History

Wars & Campaigns

Boer War
First World War

►►Western Front

►►►Trench Warfare: 1914-1916

►►Allied Offensive: 1916

►►►Allied Offensives: 1917

►►►German Offensive: 1918

►►►Advance to Victory: 1918

►►Siberia
Second World War
►►War Against Japan

►►Italian Campaign

►►►Sicily

►►►Southern Italy

►►►The Sangro and Moro

►►►Battles of the FSSF

►►►Cassino

►►►Liri Valley

►►►Advance to Florence

►►►Gothic Line

►►►Winter Lines
►►North-West Europe

►►►Normandy
►►►Southern France
►►►Channel Ports

►►►Scheldt
►►►Nijmegen Salient

►►►Rhineland

►►►Final Phase
Korean War
Cold War
Gulf War

Operations 

GAUNTLET Aug 1941

(Spitsbergen)

HUSKY Jul 1943

 (Sicily)

COTTAGE Aug 1943

 (Kiska)

TIMBERWOLF Oct 1943

(Italy)

OVERLORD Jun 1944

(Normandy)

MARKET-GARDEN Sep 44

(Arnhem)

BERLIN Nov 1944

(Nijmegen)

VERITABLE Feb 1945

(Rhineland)

Battle Honours

Boer War

►Paardeberg

18 Feb 00

First World War
Western Front
Trench Warfare: 1914-1916

Ypres, 1915

22 Apr-25 May 15

Gravenstafel

22-23 Apr 15

St. Julien

24 Apr-4 May 15

Frezenberg

8-13 May 15

Bellewaarde

24-25 May 15

Festubert, 1915

15-25 May 15

Mount Sorrel

2-13 Jun 16

Allied Offensive: 1916

►Somme, 1916

1 Jul-18 Nov 16

►Albert

.1-13 Jul 16

►Bazentin

.14-17 Jul 16

►Pozieres

.23 Jul-3 Sep 16

►Guillemont

.3-6 Sep 16

►Ginchy

.9 Sep 16

Flers-Courcelette

15-22 Sep 16

Thiepval

26-29 Sep 16

►Le Transloy

. 1-18 Oct 16

Ancre Heights

1 Oct-11 Nov 16

Ancre, 1916

13-18 Nov 16

Allied Offensives: 1917

►Arras 1917

8 Apr-4 May 17

Vimy, 1917

.9-14 Apr 17

Arleux

28-29 Apr 17

►Scarpe, 1917

.3-4 May17

►Hill 70

.15-25 Aug 17

►Messines, 1917

.7-14 Jun 17

►Ypres, 1917

..31 Jul-10 Nov 17

►Pilckem

31 Jul-2 Aug 17

►Langemarck, 1917

.16-18 Aug 17

►Menin Road

.20-25 Sep 17

►Polygon Wood

26 Sep-3 Oct 17

►Broodseinde

.4 Oct 17

►Poelcapelle

.9 Oct 17

►Passchendaele

.12 Oct 17

►Cambrai, 1917

20 Nov-3 Dec 17

German Offensive: 1918

►Somme, 1918

.21 Mar-5 Apr 18

►St. Quentin

.21-23 Mar 18

►Bapaume, 1918

.24-25 Mar 18

►Rosieres

.26-27 Mar 18

►Avre

.4 Apr 18

►Lys

.9-29 Apr 18

►Estaires

.9-11 Apr 18

►Messines, 1918

.10-11 Apr 18

►Bailleul

.13-15 Apr 18

►Kemmel

.17-19 Apr 18

Advance to Victory: 1918

Amiens

8-11 Aug 18

►Arras, 1918

.26 Aug-3 Sep 18

►Scarpe, 1918

26-30 Aug 18.

►Drocourt-Queant

.2-3 Sep 18

►Hindenburg Line

.12 Sep-9 Oct 18

►Canal du Nord

.27 Sep-2 Oct 18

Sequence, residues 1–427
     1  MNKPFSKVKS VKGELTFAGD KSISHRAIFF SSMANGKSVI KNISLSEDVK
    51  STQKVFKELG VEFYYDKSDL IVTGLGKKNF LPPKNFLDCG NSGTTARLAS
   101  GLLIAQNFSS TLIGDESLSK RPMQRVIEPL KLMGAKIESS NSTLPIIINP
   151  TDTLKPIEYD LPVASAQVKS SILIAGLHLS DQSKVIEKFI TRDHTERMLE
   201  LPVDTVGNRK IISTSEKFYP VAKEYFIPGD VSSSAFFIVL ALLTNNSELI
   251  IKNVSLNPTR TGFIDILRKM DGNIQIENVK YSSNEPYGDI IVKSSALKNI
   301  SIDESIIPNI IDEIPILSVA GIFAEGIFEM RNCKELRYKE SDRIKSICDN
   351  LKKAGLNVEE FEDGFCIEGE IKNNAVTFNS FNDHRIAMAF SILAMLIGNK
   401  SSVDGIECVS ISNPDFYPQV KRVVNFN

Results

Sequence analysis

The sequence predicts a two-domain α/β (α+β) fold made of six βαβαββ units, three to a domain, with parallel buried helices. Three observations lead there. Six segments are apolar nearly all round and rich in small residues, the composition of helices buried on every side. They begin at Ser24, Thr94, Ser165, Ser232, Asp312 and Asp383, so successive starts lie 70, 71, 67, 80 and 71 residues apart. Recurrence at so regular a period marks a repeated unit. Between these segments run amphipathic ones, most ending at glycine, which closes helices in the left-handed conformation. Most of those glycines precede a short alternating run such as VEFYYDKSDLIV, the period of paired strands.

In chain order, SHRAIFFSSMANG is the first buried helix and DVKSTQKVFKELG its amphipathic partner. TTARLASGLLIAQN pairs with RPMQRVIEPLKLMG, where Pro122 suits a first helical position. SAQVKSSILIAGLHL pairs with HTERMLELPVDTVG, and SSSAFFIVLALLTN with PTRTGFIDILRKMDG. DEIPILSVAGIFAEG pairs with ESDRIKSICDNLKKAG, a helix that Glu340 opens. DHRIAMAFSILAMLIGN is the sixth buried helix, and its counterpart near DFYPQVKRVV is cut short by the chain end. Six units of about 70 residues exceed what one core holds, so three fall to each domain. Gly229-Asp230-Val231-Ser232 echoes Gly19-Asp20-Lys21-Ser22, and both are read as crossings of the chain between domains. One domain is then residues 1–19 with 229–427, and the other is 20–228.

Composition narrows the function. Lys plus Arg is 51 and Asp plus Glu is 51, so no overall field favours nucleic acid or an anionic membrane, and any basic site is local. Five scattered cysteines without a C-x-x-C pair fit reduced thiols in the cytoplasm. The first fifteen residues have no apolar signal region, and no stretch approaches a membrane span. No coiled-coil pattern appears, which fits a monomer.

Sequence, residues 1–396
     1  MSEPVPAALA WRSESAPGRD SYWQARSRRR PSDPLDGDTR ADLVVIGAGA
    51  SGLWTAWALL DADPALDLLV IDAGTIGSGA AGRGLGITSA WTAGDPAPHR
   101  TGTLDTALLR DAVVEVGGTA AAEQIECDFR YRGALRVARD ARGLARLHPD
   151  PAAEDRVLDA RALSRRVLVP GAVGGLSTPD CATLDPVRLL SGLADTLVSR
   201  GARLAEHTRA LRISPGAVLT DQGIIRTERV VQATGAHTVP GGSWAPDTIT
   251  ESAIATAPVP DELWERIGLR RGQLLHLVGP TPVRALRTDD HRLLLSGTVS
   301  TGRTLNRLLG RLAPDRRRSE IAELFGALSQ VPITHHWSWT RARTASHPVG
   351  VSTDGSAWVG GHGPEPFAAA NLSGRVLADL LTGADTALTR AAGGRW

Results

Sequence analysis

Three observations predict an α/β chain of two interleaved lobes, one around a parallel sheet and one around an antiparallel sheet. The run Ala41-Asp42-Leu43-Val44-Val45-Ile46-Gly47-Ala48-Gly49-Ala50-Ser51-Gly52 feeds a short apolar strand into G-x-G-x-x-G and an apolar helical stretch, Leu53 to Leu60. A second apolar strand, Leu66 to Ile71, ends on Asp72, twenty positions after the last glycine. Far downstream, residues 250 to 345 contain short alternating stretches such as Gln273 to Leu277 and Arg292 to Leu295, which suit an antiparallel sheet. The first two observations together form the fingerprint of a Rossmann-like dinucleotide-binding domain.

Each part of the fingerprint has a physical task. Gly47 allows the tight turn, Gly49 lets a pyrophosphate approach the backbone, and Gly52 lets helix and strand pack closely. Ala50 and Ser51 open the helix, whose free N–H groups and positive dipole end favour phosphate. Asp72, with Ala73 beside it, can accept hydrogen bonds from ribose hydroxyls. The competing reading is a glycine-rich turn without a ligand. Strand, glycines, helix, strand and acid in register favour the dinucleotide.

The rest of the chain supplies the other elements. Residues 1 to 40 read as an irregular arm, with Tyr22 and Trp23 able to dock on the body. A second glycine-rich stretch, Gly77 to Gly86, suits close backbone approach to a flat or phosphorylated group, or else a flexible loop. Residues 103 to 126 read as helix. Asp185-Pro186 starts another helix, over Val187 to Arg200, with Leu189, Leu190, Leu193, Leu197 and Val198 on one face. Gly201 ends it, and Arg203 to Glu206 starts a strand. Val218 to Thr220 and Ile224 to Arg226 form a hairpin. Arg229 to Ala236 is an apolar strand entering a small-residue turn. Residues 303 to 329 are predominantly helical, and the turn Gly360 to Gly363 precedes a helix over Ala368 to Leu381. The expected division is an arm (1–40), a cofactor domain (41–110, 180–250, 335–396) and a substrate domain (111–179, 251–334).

►St. Quentin Canal .29 Sep-2 Oct 18
►Epehy

3-5 Oct 18

►Cambrai, 1918

.8-9 Oct 18

►Valenciennes

.1-2 Nov 18

►Sambre

.4 Nov 18

►Pursuit to Mons .28 Sep-11Nov

Second World War

War Against Japan

South-East Asia

Hong Kong

 8-25 Dec 41

Italian Campaign

Battle of Sicily

Landing in Sicily 

   9-12 Jul 43

Grammichele 

15 Jul 43

Piazza Armerina

16-17 Jul 43

Valguarnera

17-19 Jul 43

Assoro 

  20-22 Jul 43

Leonforte

 21-22 Jul 43

Agira

24-28 Jul 43

Adrano 

29 Jul-7 Aug 43

Catenanuova

29-30 Jul 43

Regalbuto

29 Jul-3 Aug 43

Centuripe

  31 Jul-3 Aug 43

Troina Valley

 2-6 Aug 43

Pursuit to Messina

 2-17 Aug 43

 Southern Italy

Landing at Reggio

 3 Sep 43

Potenza 19-20 Sep 43
Motta Montecorvino 1-3 Oct 43
Termoli 3-6 Oct 43
Monte San Marco 6-7 Oct 43
Gambatesa 7-8 Oct 43
Campobasso 11-14 Oct 43
Baranello 17-18 Oct 43
Colle d'Anchise 22-24 Oct 43
Torella 24-27 Oct 43

The Sangro and Moro

The Sangro

19 Nov-3 Dec 43

Castel di Sangro

.23-24 Nov 43

The Moro

5-7 Dec 43

San Leonardo

8-9 Dec 43

The Gully

..10-19 Dec 43

Casa Berardi

 ..14-15 Dec 43

Ortona

20-28 Dec 43

San Nicola-San

.31 Dec 43

Tommaso

.
Point 59/ 29 Dec 43-

Torre Mucchia

4 Jan 44

Battles of the FSSF
Monte Camino

.5 Nov-9 Dec 43

Monte la Difensa-

2-8 Dec 43

 Monte la Remetanea

.
Hill 720

25 Dec 43

Monte Majo

3-8 Jan 44.

Radicosa

4 Jan 44

Monte Vischiataro

8 Jan 44

Anzio

22 Jan-22 May 44

Rome

.22 May-4 Jun 44

Advance

.22 May-22 Jun 44

to the Tiber

.
►Monte Arrestino

25 May 44

►Rocca Massima

27 May 44

►Colle Ferro

2 Jun 44

Cassino
►Cassino II

11-18 May 44

►Gustav Line

11-18 May 44

►Sant' Angelo in

13 May 44

Teodice

.
►Pignataro

14-15 May 44

Liri Valley
Liri Valley

18-30 May 44

►Hitler Line

18-24 May 44

►Aquino

18-24 May 44

►Melfa Crossing

24-25 May 44

►Ceprano

26-27 May 44

►Torrice Crossroads

30 May 44

Advance to Florence
Advance

17 Jul-10 Aug 44

to Florence

.
Trasimene Line

20-30 Jun 44

Sanfatucchio

20-21 Jun 44

Arezzo

4-17 Jul 44

Cerrone

25 - 31 Aug 44

Gothic Line
►Gothic Line

25 Aug-22 Sep 44

►Monteciccardo

27-28 Aug 44

►Montecchio

30-31 Aug 44

►Point 204 (Pozzo Alto)